Buzzwords In a Resume Are Just Noise

The key to successful executive resume writing and when reviewing sample executive assistant resumes is presenting you as the best candidate for the job. OK, so there is no rocket science here, but far too many resume writers, both professional and amateur, confuse powerful, impressive resume terms with useless buzzwords.

I’m not the only one to say this. According to LinkedIn, a major business-networking website, the proliferation of buzzwords is hurting a surprising number of executive level job searches. So what are these powerfully job killing terms and how do you avoid them?

We define buzzwords as terms intended to impress that add little or no meaning or value to the document. The top example on the LinkedIn list was “extensive experience.” Also included were such favorite resume terms as “innovative,” “motivated” and “results oriented.”

But what is wrong with these expressive terms? To be blunt, they serve little purpose and waste the reader’s time. The fellow who picks up my trash does an excellent job. He has extensive experience and is very results oriented. Does this qualify him to be a senior vice president?

Buzzwords also make your resume or cover letter sound pretentious. Think of your impression of people you have met who use important-sounding terms that really mean nothing. Most of us consider these people a waste of our time.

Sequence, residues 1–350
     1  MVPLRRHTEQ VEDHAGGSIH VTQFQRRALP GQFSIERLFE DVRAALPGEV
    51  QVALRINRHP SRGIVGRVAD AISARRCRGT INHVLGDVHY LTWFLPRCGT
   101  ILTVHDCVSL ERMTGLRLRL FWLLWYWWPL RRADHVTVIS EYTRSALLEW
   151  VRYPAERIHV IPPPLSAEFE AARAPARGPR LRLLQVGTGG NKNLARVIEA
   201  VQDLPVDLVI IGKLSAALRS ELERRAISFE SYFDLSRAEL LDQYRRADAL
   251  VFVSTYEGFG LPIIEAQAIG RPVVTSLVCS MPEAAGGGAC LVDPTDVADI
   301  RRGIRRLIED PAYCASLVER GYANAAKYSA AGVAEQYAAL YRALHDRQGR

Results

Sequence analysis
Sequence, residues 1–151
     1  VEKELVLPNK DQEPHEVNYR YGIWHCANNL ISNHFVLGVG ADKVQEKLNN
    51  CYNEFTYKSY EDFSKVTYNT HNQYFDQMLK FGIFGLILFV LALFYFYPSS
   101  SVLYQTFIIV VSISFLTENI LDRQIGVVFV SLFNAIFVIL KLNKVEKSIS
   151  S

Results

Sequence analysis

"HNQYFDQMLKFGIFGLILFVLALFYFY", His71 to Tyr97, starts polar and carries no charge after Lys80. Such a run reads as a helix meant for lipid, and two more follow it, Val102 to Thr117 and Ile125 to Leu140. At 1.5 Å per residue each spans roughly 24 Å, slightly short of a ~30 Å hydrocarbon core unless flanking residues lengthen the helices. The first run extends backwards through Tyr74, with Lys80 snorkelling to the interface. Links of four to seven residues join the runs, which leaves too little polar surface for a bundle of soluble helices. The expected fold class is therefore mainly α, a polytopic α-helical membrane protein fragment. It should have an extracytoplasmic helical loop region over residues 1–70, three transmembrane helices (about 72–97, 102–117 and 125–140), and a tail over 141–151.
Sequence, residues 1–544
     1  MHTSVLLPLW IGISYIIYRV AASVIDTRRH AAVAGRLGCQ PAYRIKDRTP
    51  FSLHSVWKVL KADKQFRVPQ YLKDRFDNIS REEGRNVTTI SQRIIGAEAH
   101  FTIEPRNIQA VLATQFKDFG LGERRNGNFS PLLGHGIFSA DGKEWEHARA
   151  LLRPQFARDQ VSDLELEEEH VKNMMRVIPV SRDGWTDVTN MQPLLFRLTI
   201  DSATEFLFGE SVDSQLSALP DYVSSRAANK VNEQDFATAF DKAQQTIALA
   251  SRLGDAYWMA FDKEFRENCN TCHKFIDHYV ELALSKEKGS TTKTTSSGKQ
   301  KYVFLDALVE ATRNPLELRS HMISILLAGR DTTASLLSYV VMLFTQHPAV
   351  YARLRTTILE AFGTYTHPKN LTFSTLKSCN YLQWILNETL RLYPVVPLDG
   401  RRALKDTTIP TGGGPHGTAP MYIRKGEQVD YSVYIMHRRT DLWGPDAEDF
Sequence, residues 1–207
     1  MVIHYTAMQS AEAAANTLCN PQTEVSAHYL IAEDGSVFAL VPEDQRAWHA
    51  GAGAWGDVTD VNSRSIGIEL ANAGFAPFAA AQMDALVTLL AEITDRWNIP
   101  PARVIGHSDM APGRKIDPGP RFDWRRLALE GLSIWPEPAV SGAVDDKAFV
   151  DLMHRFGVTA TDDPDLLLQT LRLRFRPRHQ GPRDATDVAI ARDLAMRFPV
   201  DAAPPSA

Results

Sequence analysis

A resume reviewer wants to know how you will benefit the company. Lead with informative statements like, “Five years experience in consumer products sales.” Then describe your success. “Doubled product sales within two years.” These resume statements provide quantified, valuable information. A decision can be made with this information.

Your resume and cover letter also demonstrate your ability to communicate effectively. This is especially important for senior executive positions. A resume full of low-value buzzwords is no advertisement for your skill as a communicator. In fact, the term “strong communication skills” is itself a buzzword to be avoided. By their nature, buzzwords and clichés are nonspecific. Because space is limited, buzzwords keep the writer from using more effective terms.

One final point on providing valuable information. Provide context whenever needed. Quantification and comparison are valuable tools. If you succeeded, provide numbers where possible. Beyond that, tell the reader how your accomplishments compare with those of other people’s performance. Proclaiming the addition of five new customers in a year sounds paltry until you know that the company began with only 15 customers. Increasing sales 50% more than any other executive tells a great story.

Frankly, it is easier to write using platitudes and buzz words. It requires less intimate knowledge of the job seeker. This brings me to my final point. If possible, write your own resume. Professional writers do bring writing skill and experience, but this is sometime not enough to guarantee a resume that will land you that ideal career job.